BOISE, Idaho (AP) — Idaho is joining a handful of states where health advocates are hoping to bypass lawmakers who have refused to expand Medicaid and take the issue directly to voters through a ballot initiative.
“It seemed like a time for change,” Luke Mayville, co-founder of Reclaim Idaho, a group leading the ballot initiative effort, said Monday.
“We wanted to get involved in the 2018 election and Medicaid expansion was a no-brainer.”
Reclaim Idaho submitted the ballot initiative paperwork to the secretary of state’s office last week. The proposal must now be vetted by the attorney general’s office before supporters can start collecting signatures to get it on the 2018 November ballot.
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The group would need at least 48,000 signatures to make the ballot.
The battle over whether to expand Medicaid has traditionally taken place inside state legislatures since former President Barack Obama’s health care reform law was enacted in 2010. But after years of opposition from Republican state lawmakers, activists are seeking a new approach.
Voters in Maine will decide Nov. 7 whether to approve a referendum requiring the state to apply for Medicaid expansion for adults under 65 with incomes at or below 138 percent of the federal poverty line. And last month, health care groups in Utah announced they would also seek a ballot initiative to expand Medicaid.
So far, no state has successfully expanded Medicaid eligibility through a ballot initiative. Montana supporters attempted to do so in 2014, but they failed to collect enough valid signatures from registered voters.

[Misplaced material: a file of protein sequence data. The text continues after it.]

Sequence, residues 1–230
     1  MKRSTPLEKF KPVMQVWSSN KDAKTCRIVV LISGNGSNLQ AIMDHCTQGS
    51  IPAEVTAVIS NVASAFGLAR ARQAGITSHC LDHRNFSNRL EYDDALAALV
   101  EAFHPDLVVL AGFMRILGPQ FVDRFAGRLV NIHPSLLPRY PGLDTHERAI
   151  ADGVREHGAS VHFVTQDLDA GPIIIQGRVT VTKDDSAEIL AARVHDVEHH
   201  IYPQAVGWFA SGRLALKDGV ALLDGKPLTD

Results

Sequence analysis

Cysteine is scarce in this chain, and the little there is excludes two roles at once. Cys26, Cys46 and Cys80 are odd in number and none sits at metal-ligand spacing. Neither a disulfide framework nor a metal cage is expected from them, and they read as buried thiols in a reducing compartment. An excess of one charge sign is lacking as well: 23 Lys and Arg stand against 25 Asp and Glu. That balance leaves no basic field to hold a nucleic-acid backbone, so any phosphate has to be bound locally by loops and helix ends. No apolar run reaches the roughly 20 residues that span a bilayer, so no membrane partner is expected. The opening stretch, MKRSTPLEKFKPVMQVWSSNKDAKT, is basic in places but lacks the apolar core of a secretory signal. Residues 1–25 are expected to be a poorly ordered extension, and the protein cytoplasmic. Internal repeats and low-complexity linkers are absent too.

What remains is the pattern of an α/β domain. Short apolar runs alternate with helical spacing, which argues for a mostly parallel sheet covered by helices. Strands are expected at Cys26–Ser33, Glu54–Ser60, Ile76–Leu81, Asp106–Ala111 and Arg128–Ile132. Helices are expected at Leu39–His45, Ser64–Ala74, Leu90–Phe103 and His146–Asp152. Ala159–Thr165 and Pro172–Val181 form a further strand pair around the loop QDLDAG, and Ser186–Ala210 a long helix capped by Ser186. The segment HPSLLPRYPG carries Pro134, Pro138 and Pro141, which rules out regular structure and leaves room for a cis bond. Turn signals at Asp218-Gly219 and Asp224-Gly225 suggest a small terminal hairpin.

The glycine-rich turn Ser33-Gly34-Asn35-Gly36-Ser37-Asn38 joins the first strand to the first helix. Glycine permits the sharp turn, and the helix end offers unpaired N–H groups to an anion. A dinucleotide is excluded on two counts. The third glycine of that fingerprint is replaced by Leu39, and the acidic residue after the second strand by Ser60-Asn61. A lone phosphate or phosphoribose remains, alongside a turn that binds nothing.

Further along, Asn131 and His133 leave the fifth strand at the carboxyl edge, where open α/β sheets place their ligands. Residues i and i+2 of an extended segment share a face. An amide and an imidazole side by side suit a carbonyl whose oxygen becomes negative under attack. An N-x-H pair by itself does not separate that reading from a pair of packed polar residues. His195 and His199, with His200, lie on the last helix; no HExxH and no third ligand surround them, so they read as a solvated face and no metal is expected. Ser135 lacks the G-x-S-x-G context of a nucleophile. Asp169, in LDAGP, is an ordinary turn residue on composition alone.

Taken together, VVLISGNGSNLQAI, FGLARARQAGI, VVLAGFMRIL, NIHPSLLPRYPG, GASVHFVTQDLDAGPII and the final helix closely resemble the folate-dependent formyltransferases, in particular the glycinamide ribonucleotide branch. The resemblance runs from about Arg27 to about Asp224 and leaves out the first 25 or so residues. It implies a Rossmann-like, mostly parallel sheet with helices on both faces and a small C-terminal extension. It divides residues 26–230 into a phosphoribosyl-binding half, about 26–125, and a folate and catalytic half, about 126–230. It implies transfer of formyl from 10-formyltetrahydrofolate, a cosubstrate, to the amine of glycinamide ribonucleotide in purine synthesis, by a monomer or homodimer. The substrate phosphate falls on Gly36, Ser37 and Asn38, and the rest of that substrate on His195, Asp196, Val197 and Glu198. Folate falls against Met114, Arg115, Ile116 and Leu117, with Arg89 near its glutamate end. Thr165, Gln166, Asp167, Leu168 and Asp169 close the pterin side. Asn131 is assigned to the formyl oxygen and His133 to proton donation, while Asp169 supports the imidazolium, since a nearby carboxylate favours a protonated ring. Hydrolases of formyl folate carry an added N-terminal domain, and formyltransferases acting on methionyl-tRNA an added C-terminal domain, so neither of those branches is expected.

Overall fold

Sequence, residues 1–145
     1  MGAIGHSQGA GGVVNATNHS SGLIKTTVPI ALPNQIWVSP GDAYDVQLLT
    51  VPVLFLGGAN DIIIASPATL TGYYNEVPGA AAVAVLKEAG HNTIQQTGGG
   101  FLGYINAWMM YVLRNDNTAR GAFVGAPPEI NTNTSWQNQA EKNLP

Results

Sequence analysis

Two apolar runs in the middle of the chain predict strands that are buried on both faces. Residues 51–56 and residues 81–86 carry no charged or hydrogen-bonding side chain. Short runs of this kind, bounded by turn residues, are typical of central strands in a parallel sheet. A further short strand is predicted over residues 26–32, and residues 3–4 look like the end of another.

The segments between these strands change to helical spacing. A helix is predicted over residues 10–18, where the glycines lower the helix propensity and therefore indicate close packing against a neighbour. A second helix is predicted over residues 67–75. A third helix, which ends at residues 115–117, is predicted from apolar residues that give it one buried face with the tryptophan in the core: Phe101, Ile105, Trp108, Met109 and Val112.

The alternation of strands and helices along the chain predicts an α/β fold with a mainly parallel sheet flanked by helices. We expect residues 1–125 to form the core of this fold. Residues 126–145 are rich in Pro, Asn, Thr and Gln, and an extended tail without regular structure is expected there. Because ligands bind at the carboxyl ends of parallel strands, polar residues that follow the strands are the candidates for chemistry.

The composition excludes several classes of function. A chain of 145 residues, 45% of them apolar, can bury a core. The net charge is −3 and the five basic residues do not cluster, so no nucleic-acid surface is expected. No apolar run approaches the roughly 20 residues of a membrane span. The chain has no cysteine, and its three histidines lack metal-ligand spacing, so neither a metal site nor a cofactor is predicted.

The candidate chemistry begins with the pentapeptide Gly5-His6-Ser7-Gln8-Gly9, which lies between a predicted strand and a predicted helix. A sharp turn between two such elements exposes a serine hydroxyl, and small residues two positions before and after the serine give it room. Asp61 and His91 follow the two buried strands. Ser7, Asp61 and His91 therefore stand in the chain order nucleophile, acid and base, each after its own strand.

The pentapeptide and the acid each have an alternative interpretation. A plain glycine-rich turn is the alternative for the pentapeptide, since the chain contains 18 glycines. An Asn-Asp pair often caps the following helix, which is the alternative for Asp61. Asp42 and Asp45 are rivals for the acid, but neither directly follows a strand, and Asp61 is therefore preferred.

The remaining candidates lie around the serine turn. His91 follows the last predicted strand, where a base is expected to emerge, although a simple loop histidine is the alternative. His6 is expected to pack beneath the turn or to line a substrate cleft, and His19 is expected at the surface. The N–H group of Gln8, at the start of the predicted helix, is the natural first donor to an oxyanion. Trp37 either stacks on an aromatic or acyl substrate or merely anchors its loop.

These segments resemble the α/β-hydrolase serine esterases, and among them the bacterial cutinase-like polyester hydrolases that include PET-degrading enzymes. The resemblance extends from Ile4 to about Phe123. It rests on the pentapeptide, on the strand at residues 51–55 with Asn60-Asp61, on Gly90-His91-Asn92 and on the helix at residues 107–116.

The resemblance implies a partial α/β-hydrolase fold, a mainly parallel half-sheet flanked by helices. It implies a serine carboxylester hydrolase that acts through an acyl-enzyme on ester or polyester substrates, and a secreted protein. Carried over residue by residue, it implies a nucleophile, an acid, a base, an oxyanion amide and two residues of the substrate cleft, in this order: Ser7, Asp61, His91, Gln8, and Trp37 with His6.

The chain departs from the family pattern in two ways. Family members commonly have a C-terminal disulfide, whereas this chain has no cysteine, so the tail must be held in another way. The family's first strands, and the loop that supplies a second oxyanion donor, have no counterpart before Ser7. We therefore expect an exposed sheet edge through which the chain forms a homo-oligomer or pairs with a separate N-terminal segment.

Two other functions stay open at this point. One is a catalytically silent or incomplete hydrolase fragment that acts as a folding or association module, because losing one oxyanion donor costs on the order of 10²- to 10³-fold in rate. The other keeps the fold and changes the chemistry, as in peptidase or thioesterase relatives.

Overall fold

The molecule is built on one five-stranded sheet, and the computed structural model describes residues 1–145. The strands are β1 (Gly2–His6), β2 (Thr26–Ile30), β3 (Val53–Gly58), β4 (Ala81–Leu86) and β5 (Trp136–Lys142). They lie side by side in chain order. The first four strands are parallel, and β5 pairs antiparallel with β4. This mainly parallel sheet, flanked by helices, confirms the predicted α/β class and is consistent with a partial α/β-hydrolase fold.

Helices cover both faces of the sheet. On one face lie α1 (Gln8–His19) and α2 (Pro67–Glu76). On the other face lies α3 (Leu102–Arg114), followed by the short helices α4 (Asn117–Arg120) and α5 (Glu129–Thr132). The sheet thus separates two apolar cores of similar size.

Under the Affordable Care Act, the U.S. government pays at least 90 percent of the cost of expanding Medicaid while states picked up the rest. In total, 31 states have expanded their program.
Yet despite the savings promoted by Medicaid expansion supporters, Idaho lawmakers have long refused to consider the idea while also failing to come up with a solution to provide health coverage to the estimated 78,000 Idahoans who currently don’t qualify for Medicaid or make too much for a subsidy.
The primary argument against expansion has been that accepting federal dollars only comes with regulatory burdens that do not help lower the growing costs of medical care. Instead, Idaho Republicans have floated a variety of modest health care solutions to improve medical access to the state’s poorest residents. Those ideas have largely failed to take hold.
Mayville says the idea of using a ballot initiative was inspired after he and others spent the summer traveling in a bright green 1977 Dodge camper across the state talking to Idahoans about health care. He added that in every rural community they visited, people not only sympathized with the need to expand Medicaid, but also had stories about struggling to pay for health care.
Reclaim Idaho then worked with former Democratic Sen. Dan Schmidt, ousted from his legislative seat in 2016 after being the Statehouse’s strongest proponents for Medicaid expansion, to write the initiative. Mayville says Reclaim Idaho’s initiative is largely derived from Schmidt’s 2016 Medicaid expansion bill that failed in the Legislature.
“We can’t wait another year or two,” Mayville said. “We can never be sure what Congress will or will not do, but we have reason to believe Congress is not going to repeal Medicaid expansion. It’s time to move forward on this.”